To comply with Scotch Whisky regulations and EU law regarding age statements, distillers are legally only allowed to divulge the age of the youngest spirit contained in the bottle. “At Bruichladdich, the flagship bottlings are made up of multiple different spirits of different ages. We believe an age statement over-simplifies the complexity of our recipes. We rather speak about the complex process that involves maturation time, cask type and the influence of our raw ingredients,” adds Hill.
The Bruichladdich batches are made up of several components: 76 different casks, comprising four vintages of spirit, three different barley types and seven different cask types. “There is so much in the single malt: distiller’s vision, the provenance from which the ingredients and the whisky comes, the quality and their skills of our distillers.”
Breaking the uniformity barrier
The people behind Bruichladdich were desirous of creating a whisky that represents the provenance it came from. “Their attitude was quite unlike anything in the whisky world at that time,” Hannett has said. “Where companies had become conglomerates as a means to survive, flavour diversity and nuance had been stripped out to produce a consistent, standardised product. Distilleries were adding caramel colouring and chill-filtering it – stripping out the natural fats – to create homogeneity that was easily recognisable and marketed globally.”
The foundation for The Classic Laddie is not a recipe set in stone. Unlike other single malts, the brand, year by year, focuses on the variety and provenance of how the barley shapes the spirit.
“Each batch of The Classic Laddie is, by nature, unique and subtly different, but it is ultimately our head distiller who curates this assemblage of our finest spirits, to showcase the classic, floral and elegant house style,” Hannett has said.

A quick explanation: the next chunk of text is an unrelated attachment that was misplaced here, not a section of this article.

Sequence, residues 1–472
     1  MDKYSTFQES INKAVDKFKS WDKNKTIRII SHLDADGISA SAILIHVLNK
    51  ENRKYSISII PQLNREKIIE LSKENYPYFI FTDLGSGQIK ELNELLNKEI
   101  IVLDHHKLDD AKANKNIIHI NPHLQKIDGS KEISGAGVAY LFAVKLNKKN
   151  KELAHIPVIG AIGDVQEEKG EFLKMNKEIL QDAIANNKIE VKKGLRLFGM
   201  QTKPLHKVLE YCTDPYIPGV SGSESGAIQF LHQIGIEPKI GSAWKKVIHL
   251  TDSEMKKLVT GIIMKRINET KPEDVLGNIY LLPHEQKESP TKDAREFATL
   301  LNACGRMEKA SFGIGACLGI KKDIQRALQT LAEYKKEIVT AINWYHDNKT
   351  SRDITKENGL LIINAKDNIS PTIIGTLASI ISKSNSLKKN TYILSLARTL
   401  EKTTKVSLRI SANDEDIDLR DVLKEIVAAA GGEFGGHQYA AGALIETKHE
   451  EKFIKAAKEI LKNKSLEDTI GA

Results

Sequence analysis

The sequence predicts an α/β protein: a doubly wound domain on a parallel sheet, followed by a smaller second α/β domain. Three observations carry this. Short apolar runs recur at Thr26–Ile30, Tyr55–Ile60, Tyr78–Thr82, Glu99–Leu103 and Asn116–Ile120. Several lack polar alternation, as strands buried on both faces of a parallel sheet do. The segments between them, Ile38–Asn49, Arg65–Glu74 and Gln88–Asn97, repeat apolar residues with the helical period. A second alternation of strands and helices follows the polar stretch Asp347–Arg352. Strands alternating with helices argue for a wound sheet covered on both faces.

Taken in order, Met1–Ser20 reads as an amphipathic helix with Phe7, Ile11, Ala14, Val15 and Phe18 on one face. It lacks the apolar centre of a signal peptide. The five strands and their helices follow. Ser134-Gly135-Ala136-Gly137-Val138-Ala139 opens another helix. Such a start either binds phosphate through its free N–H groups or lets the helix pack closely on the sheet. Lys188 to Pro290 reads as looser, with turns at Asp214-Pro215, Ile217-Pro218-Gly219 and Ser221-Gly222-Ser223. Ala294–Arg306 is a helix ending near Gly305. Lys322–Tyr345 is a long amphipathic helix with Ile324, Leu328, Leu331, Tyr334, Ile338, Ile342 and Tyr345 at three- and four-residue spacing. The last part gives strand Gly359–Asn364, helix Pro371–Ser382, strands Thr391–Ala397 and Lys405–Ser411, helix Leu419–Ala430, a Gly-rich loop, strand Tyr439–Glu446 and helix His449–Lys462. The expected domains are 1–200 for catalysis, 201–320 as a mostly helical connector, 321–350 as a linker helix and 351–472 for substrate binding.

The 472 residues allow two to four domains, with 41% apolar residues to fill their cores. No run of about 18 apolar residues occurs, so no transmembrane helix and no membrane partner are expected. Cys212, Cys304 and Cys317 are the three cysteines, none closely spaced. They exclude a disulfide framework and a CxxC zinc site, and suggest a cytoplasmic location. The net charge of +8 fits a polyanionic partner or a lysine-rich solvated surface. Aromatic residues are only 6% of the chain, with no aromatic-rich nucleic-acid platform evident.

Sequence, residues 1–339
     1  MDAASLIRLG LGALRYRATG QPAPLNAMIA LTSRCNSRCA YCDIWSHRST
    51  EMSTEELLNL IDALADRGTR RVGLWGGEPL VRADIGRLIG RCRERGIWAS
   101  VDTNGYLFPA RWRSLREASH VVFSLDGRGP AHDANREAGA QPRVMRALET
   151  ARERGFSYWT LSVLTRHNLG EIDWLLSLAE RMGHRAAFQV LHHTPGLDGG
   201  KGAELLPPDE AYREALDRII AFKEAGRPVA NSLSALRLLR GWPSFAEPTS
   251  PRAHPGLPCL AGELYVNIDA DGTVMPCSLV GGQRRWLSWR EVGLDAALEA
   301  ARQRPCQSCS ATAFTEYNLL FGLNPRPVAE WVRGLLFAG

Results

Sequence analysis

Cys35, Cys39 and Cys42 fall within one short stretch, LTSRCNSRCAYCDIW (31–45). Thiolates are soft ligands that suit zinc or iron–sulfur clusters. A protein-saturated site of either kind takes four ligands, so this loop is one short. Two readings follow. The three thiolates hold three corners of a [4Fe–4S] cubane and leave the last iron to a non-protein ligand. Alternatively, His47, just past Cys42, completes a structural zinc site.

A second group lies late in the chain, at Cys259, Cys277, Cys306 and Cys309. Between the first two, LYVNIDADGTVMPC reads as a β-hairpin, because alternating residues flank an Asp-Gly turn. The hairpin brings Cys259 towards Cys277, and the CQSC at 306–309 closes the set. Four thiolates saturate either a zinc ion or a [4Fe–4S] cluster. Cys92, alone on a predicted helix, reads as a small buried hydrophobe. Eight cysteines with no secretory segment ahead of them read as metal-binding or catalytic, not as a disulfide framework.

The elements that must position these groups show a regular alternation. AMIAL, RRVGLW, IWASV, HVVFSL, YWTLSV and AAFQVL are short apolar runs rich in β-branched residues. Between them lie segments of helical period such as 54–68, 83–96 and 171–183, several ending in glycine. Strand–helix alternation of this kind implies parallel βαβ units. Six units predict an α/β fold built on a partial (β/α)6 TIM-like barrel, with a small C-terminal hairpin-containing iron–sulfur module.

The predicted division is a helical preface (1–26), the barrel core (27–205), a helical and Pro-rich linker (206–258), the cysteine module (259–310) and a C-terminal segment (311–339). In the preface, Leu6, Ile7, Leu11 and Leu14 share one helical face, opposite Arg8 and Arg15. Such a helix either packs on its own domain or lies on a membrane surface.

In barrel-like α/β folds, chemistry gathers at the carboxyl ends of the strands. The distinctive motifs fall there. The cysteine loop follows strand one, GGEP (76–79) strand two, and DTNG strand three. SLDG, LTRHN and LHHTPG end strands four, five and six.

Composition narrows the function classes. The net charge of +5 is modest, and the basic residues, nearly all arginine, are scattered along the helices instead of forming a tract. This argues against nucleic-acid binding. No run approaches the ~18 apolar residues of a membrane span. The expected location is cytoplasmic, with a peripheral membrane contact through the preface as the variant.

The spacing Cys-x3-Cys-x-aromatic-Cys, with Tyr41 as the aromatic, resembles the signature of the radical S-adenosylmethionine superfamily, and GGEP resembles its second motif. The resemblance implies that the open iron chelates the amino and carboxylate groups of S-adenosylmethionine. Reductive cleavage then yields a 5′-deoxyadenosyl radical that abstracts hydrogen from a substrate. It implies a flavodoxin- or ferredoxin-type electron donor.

Ultimately, the mapping of the production and distillation process reveals the story of the bright turquoise bottle of the complex single malt that you hold in your hand. It may not state the age, but its lush heritage and the whisky distillation and making process put it right on top of a connoisseur’s list.
Making it sustainable
Bruichladdich is the first to achieve B Corporation status, an international certification that assesses a company’s environmental impact. Across the board, the brand has reduced plastic usage and is ambitious about making production carbon neutral by 2025.
The offices, bottling hall and visitor centre already are heated by energy generated from wastewater, and the electricity is from 100% renewable sources. The distillery is also planning to do build its maltings by 2023, which means the barley, right now malted for them in Inverness, will be done in-house.
New sources of energy are being explored, including wind, solar, electrification and biomass. The challenge: how much these sources of energy are compatible with Bruichladdich’s Victorian equipment, which is referred to as “museum” by the staff.
Ultimately, what will matter most are the flavours and nuances that make Bruichladdich what it is.
The nose and palate
The Classic Laddie, a no-age-statement single malt, though it has been aged for a minimum of three years as is the norm for single malt. The notes are honeyed on the nose with distinct aromas of orange. On the palate, it is smooth and tastes of red apples and white grapes, with touches of cinnamon and brown sugar. The finish is malty, with notes of toffee.
The next time you pick up a Bruichladdich, don’t forget to check the finer details of your single malt on its website.